DWP granted reprieve on rules meant to protect sea life [Updated]
California regulators have granted a reprieve to the Los Angeles Department of Water and Power, delaying deadlines meant to keep coastal power plants from harming plants and animals living in ocean waters.
The issue involves the use of seawater to cool gas-burning power plant boilers. The power plant sucks in cool seawater, which can kill not only plankton and small fish but also seals, sea lions and turtles. After circulating through the plant, the warmer water is then flushed back to the Pacific Ocean.
Environmentalists say the system destroys too much sea life, while electric companies have argued that banning the practice would cost too much money and jeopardize the electricity grid's reliability.
The state water board voted last year to phase out the water-sucking practice and replace it with cooling systems that rely on recycled water or other methods. The original plan called for a generating unit in the DWP's Harbor plant on Terminal Island to be replaced in 2015; generating units in the Haynes plant in Long Beach to be changed by 2019; and equipment at the DWP's Scattergood plant in Playa del Rey to be changed by 2020.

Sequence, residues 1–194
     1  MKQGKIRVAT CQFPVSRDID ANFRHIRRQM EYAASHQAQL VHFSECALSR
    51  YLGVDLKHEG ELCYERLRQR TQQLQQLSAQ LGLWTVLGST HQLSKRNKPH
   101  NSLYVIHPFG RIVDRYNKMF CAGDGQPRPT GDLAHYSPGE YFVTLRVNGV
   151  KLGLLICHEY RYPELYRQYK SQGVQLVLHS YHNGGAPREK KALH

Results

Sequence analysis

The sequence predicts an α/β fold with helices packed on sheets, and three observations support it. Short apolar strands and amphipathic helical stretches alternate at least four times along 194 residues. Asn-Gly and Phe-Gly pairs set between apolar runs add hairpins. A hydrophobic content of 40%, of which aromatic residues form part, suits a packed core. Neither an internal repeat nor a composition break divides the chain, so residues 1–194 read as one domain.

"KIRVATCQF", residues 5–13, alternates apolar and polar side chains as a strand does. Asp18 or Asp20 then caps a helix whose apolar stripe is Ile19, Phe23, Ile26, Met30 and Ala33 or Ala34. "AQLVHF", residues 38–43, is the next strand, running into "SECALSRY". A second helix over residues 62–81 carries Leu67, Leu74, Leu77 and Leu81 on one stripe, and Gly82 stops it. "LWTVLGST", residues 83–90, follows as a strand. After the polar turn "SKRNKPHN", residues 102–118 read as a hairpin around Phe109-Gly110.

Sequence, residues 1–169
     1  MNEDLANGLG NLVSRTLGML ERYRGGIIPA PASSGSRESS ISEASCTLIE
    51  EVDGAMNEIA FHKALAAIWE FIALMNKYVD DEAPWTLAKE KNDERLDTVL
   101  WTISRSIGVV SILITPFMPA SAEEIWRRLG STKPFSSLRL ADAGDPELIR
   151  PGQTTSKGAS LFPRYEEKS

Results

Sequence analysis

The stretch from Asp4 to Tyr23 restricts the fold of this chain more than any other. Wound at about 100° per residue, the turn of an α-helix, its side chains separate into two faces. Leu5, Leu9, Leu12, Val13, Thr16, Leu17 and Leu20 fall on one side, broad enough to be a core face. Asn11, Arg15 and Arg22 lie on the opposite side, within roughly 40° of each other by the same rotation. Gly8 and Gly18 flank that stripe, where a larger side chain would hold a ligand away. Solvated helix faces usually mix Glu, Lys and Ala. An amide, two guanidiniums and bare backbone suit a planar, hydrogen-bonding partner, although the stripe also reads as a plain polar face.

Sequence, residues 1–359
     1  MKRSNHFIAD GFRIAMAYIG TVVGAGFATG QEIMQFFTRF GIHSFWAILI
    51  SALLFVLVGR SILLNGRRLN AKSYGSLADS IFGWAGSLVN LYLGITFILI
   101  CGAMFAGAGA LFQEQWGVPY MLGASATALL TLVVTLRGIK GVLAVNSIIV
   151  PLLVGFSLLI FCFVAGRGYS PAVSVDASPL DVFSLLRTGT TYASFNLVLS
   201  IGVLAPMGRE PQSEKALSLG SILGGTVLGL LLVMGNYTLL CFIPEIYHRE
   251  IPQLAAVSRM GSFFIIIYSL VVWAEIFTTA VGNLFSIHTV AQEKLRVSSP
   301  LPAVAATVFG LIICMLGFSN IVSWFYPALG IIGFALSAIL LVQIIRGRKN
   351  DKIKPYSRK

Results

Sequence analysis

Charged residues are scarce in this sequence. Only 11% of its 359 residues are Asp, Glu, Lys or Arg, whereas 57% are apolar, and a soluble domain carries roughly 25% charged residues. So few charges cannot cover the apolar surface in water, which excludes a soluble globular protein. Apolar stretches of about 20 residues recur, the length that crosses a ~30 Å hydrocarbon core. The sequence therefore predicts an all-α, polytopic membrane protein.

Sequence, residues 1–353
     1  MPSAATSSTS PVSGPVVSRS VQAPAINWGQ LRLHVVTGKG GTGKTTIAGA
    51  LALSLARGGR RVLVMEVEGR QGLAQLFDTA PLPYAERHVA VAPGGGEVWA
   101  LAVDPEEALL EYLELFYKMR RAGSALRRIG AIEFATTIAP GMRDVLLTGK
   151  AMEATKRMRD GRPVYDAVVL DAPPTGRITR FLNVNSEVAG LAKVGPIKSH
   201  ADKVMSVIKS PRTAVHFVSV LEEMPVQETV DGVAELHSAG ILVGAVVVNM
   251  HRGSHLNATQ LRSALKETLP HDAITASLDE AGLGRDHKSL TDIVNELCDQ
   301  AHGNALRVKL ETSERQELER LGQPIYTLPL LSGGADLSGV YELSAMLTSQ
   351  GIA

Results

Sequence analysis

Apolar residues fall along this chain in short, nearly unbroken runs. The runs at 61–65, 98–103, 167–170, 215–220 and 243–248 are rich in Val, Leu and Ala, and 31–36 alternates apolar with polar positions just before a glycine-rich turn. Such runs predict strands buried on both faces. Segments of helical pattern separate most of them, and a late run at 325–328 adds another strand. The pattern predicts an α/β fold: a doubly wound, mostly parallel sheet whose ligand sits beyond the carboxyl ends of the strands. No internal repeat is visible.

On Tuesday, the State Water Resources Control Board in Sacramento granted the DWP a delay until 2029 in implementing the new rules, said board spokesman George Kostyrko. The DWP had asked for an extension to 2035. [Updated at 6:15 p.m. July 20: Extensions sought for the Harbor and Haynes plants were to finish upgrades.]
Environmental groups criticized the water board's decision. Mark Gold, president of the environmental group Heal the Bay, wrote on his blog, "The extension will result in the [deaths] of approximately an additional 30 billion larval and adult fish, with local energy plants allowed to continue the practice of sucking water -– and animal life -– out to sea to cool themselves.
"It was definitely horrible news for local fish populations," Gold wrote.
Board members Charles R. Hoppin and Frances Spivy-Weber voted in favor of the extension, while Tam Doduc dissented, saying the 2029 deadline was too generous.
-- Rong-Gong Lin II